Kids of Coral
“Coral is now part of my life, it is part of my imagination, it makes me believe that the world has colours, we wouldn’t be happy at all if the world was just grey, we wouldn’t be able to survive in a world like that.” Ariadne
Our coral reefs, the incredible multicoloured life sustaining marine cities, are extremely vulnerable in the firing line of global warming.
We are working to build awareness of the threats they face as a result of the climate emergency and do all that we can to support initiatives that help protect this life that sustains us.
On this journey, we believe that young people can truly bring change by adding their voices to a growing community that’s taking action to avert destruction of our marine ecosystems.
After all, it’s better to light a candle than to curse the darkness.
It is time to act, to engage with young people and communities directly affected in the firm belief that it is possible to protect marine life so that it can endure despite the great difficulties it faces. We need them to remain an integral part of our planet for the generations to come.
“The Sea, once it casts its spell, holds one in its net of wonder forever.”Jacques Yves Cousteau
Coral reefs are colourful living underwater cities made up of millions of tiny organisms called Polyps. Polyps extend tiny tentacles to catch and eat smaller organisms that pass by. They can also work together with a clever algae called zooxanthellae which converts the energy of the sun into food and shares this energy with the corals they live on. This symbiotic process creates the wonderful structures we know as coral reefs, which are a vital life supporting ecosystem for anywhere between 1 and 9 million species of marine life, of which only 60,000 are properly documented.
The Coral Triangle
The Coral Triangle is a marine area that’s home to around 125 million people. Those people depend on the coral reefs for food, income as well as protection from tropical storms. The Coral Triangle is located in the very Western Pacific Ocean, through which major currents connect with the Indian Ocean. The Coral Triangle includes the waters of East Timor, Indonesia, Malaysia, Papua New Guinea, Philippines, and the Solomon Islands.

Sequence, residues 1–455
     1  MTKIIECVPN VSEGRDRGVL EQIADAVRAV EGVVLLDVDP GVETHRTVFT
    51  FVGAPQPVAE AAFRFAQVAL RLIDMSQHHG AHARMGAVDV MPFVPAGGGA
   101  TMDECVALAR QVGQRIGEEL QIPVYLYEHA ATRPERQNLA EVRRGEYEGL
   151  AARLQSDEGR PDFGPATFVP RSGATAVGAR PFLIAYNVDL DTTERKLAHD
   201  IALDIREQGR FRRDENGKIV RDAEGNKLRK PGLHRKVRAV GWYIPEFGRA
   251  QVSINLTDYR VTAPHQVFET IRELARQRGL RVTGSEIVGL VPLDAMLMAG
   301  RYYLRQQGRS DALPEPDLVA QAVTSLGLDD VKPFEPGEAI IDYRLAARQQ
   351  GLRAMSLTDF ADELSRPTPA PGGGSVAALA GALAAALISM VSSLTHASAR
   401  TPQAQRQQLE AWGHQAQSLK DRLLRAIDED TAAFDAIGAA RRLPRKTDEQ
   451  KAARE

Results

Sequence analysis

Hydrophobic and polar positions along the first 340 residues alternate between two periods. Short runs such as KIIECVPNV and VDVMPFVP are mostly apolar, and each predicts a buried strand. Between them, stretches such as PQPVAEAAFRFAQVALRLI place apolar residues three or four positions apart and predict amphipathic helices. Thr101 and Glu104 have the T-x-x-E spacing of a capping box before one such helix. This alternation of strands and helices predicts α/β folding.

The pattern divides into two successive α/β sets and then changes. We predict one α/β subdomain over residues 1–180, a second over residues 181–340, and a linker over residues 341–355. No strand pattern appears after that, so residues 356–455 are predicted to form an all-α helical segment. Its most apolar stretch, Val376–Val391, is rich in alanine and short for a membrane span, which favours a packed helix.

Here you’ll find a wonderland of marine life: 600 species of reef-building corals, almost all species of marine turtles and over 2000 types of reef fish. However, this thriving underwater community is facing two serious threats to their survival: unsustainable fishing practices and global warming. These magical coral reefs, one of the most biodiverse marine habitats globally, are in danger and they need our support.
Human and marine life relies on corals. Around 25% of all ocean species are dependent on coral reefs for their food and their homes. That’s not to mention the 500 million people that also rely on reefs for their food and security. Conservation means the protection and preservation of these vitally important ecosystems, by limiting further damage to them and restoring them where possible.
What does conservation mean for our threatened reefs? Well, we’ve broken down six key conservation challenges that need to be addressed for us to keep these reefs alive for future generations.
KidsofCoral started out with one child’s experience of the majesty of marine biodiversity, and the realisation that this underwater wonderland is fast being destroyed. From this was born a conversation, a drive to understand these issues and our unique power to help fight them. And that conversation is brings us here, to the launch of KidsofCoral. Thanks for joining that conversation!
Driven by a heartfelt passion to help, we’re launching a series of projects. Each is an attempt to do what we can to protect, and advocate for, our planet. Whether you’re joining us as a follower, a partner or supporter, we’d like to thank you from the bottom of our hearts for your interest in lending a hand with us.
“In the end we will conserve only what we love; we will love only what we understand; and we will understand only what we are taught. ”Baba Dioum, 1968
We are proud to participate in and support our friends Marty and Mickey and the Ekipa Tasi Mos team who are well on their way to achieve their mission of gathering, analysing, educating and upcycling plastic waste on Atauro and to preserve the delicate environment there that sustains so much life.
Working closely with local schools in Yenbeser, this project aims to broaden awareness of marine biodiversity and its value to the local community among primary school children and to provide two fully equipped dive scholarships to local youths from secondary school to create opportunities for locals in the ecotourism sector.